Screening for sickle cell and beta thalassaemia

Interview 24

Age at interview: 32

Brief outline: Both parents are beta thalassaemia carriers. Had CVS in first pregnancy. Baby diagnosed with beta thalassaemia major and they continued the pregnancy. In three pregnancies since they chose not to have antenatal diagnosis and none of the children is affected. Some audio clips in Mirpuri. Sister-in-law also interviewed in English.

Background: Married housewife with four children aged 6, 5, 3 and 9 months. Ethnic background/nationality' Pakistani.

Audio & video

This interview involved two people, a woman who is a beta thalassaemia carrier (interviewed in Mirpuri) and her sister-in-law (interviewed in English). The woman discovered she was a beta thalassaemia carrier when she was screened on entering the UK, and this was confirmed again in her first pregnancy. Her husband's family has a history of beta thalassaemia major and his brother died as a result of the condition in 1997.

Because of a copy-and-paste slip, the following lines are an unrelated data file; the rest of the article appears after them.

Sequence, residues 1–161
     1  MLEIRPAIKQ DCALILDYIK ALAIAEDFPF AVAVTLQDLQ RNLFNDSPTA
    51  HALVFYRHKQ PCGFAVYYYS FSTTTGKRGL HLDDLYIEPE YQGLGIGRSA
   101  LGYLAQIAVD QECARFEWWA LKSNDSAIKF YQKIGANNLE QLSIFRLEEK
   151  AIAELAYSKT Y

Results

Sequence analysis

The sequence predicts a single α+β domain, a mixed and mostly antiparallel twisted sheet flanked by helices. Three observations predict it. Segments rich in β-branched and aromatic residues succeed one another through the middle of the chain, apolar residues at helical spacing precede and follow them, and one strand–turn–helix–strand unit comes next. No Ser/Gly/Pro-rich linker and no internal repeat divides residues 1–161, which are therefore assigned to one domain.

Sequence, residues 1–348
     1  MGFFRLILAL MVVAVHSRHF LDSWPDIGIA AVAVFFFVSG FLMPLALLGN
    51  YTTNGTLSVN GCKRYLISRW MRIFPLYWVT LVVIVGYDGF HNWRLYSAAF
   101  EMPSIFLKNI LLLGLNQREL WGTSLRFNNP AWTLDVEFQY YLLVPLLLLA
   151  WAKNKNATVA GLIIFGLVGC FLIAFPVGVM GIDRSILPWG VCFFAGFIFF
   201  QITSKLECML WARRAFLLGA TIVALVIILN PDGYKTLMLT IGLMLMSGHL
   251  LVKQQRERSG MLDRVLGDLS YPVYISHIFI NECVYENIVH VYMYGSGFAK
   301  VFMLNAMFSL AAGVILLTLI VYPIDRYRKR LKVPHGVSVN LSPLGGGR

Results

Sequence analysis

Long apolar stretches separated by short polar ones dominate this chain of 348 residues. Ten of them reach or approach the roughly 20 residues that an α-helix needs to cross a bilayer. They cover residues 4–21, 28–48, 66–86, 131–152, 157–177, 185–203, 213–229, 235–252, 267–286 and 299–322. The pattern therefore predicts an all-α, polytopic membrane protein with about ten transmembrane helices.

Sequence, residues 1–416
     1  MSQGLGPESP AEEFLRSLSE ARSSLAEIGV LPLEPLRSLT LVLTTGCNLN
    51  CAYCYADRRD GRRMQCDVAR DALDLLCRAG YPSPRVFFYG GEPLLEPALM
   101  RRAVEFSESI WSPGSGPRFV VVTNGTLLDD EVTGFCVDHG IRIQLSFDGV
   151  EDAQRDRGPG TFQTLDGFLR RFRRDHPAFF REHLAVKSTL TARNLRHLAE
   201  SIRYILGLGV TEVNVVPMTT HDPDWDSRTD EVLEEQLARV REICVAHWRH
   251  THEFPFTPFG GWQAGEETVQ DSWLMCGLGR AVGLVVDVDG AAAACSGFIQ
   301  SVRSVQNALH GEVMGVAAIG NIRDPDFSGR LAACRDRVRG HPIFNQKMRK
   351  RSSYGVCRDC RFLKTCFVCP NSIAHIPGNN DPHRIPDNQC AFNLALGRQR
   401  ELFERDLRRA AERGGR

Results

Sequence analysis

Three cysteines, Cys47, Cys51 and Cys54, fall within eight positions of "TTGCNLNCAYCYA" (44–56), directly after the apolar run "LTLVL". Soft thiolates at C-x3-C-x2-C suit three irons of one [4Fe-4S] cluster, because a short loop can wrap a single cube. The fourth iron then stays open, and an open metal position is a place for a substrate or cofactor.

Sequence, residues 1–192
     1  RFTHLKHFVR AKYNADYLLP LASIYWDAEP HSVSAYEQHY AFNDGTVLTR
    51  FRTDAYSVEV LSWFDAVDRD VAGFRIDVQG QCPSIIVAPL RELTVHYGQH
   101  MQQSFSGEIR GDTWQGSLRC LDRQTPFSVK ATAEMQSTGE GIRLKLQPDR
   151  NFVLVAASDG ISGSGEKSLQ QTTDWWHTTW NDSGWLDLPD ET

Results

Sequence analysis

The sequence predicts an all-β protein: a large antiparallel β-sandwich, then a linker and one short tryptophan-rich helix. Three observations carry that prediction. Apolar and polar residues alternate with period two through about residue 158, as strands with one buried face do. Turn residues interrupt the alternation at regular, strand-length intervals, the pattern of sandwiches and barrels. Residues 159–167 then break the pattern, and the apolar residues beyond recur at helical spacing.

The couple were persuaded to have antenatal diagnosis (CVS) in their first pregnancy. The CVS had to be repeated because the results were unclear the first time. The baby was diagnosed with beta thalassaemia major, but the couple did not want a termination, and went ahead with the pregnancy. Their daughter remained well after birth until she was aged four, but then she started needing regular blood transfusions and has been having them ever since. She was 6 at the time of the interview.

The couple have since had three children without any diagnosis during pregnancy, and none of them has been affected by the condition. They now regret having had CVS the first time. 

The woman's sister-in-law joined the interview and explained she was present with the couple when they went for the CVS. She felt they had been pressurised into having antenatal diagnosis the first time, and that they did not realise they had a choice. The family's views about the condition have been strongly affected by the experiences of several relatives, some of whom seem to have inherited a milder form of the condition which has not required regular blood transfusions. As a result the family do not always trust the advice they have been given by professionals or the accuracy of the diagnosis.


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